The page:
There has been a trend lately of apps being released that act more like traditional floating windows. LilyPad HD, OverSkeen, and AirTerm have all garnered a lot of interest, but they are single use apps. Floating Widget does just what its name suggests: it makes widgets float on top of your apps. The implementation is a little odd at first, but once you learn the rules, Floating Widget is useful in a number of situations.

Getting Started

The actual Floating Widget app isn't the most intuitive, and the instructions it offers at start-up are hard to follow until you actually dive in. The app has a few buttons, but there is little indication where to start. Where you should start, is with the Select Widget button. This will pull up a scrollable list of all the widgets on your device. Go ahead and select one to continue. The app won't do anything once you've selected your widget, but I soon realized you have to hit the Set Location button of your own volition.

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The app will take you back to the home screen to place the widget, which will be highlighted with a red box. This is how you know it's in "move mode." When you release it, the red box will go away, leaving a smaller green bar at the top of the overlay. This is the move bar. Long-press in the green to go back to move mode. This is a handy way to get the widget out of your way without going back to the app itself. You can only have one floating widget at a time, though.

Whichever widget you've chosen will be fully functional - even scrollable widgets work. However, you won't be able to resize them. One bummer you will likely encounter early on; you can't leave you foreground widgets in the black bar at the bottom of Android tablets. This is the only part of the system UI that covers the widgets up.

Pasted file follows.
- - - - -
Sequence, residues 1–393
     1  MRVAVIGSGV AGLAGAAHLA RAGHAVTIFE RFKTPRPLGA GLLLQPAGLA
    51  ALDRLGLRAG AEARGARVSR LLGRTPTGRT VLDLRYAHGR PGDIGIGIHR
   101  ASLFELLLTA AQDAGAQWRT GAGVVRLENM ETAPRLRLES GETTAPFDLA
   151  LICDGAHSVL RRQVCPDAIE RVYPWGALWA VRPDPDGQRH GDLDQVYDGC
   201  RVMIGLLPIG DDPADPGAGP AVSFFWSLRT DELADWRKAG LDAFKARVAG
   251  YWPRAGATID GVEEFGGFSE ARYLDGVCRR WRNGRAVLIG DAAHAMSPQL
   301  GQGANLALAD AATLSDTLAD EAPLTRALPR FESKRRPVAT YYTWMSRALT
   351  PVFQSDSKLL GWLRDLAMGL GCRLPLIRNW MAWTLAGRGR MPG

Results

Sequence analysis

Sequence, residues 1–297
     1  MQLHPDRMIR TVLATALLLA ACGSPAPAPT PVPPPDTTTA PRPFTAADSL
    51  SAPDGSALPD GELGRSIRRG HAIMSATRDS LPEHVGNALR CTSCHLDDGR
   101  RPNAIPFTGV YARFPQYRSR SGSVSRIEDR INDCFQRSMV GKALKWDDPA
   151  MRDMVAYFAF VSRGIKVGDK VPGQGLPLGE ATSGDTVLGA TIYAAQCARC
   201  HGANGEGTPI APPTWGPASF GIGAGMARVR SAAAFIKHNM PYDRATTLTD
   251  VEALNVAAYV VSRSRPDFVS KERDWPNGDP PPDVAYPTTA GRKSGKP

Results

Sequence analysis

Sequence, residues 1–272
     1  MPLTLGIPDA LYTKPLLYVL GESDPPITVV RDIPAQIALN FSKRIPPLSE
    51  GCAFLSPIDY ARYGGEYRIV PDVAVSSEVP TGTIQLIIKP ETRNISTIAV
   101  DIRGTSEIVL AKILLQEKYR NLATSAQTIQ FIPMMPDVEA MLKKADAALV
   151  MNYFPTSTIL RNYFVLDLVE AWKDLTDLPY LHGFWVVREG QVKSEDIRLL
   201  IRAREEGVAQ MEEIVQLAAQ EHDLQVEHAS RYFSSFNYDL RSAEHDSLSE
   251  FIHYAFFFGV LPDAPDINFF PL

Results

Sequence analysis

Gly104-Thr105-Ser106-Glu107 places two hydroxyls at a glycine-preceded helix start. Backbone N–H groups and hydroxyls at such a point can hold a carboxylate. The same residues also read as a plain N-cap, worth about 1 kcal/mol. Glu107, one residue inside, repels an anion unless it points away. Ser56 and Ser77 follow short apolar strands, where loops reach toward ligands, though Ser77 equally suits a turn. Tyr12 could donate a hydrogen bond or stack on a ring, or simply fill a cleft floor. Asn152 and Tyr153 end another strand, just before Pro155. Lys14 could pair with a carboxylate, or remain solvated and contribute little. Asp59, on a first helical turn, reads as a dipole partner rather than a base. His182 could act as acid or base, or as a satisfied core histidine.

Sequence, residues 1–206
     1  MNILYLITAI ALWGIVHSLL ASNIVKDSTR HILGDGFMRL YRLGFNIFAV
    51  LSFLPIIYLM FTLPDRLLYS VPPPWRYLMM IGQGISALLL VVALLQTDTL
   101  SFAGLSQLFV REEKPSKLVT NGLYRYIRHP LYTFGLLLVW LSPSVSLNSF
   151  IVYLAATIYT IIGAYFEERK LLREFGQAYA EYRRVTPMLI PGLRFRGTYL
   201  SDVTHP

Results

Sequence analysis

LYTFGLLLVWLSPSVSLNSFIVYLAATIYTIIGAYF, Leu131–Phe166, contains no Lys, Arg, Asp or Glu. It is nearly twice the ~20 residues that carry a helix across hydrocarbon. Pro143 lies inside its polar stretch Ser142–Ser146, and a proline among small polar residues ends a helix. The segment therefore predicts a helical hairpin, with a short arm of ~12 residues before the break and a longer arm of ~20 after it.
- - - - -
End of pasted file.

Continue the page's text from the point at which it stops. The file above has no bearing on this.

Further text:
The Screen Real Estate Sacrifice

Floating Widget will let you choose any of your installed widgets, even gigantic ones. Smartly, it shrinks things down a bit so you aren't losing as many pixels (although I'd like an option to keep it full size). This lets you use larger widgets if that's your only option, but some might not scale particularly well. I found that choosing a widget that is 1 or 2 units tall made things look better, and the resulting overlay could be nestled up at the top of the screen on a tablet.

With phones, the tradeoff is a little different. Even smaller widgets will cover a lot of the things you need to access. If you're browsing the web, but want to have a widget hovering on top of the browser, you're going to have to work around it more.

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Floating Widgets works on Android 2.1 and higher, which means it brings some useful functionality to older devices. Placing music playback controls in a floating overlay is great for phones without notification playback buttons. A small clock could be helpful in games that hide the status bar as well. A small Gmail window is potentially useful of you get a lot of mail like I do. Compact Twitter widgets have also been beneficial in my testing.

I've been running the Reddit is Fun widget over top of my other apps, and I can happily report that it has decreased my productivity to previously unheard of levels. You can probably come up with wiser uses for Floating Widget.

Performance And Verdict

The widgets you place are perfectly responsive; even the scrollable ones. What I have noticed is that Floating Widget seems to cause some noticeable system lag. Any long-time Android user is used to a little bit of hesitation at times, but this is more than that. When an overlay is active, moving through home screens is a slightly laggy, and scrolling in Chrome Beta seems more jerky.

I did this testing on two Ice Cream Sandwich devices, so it is possible that other OS versions won't have this problem, and the developer could issue a bug fix at some point. This issue hasn't been severe enough that I had to ditch Floating Widget, but it's something to consider.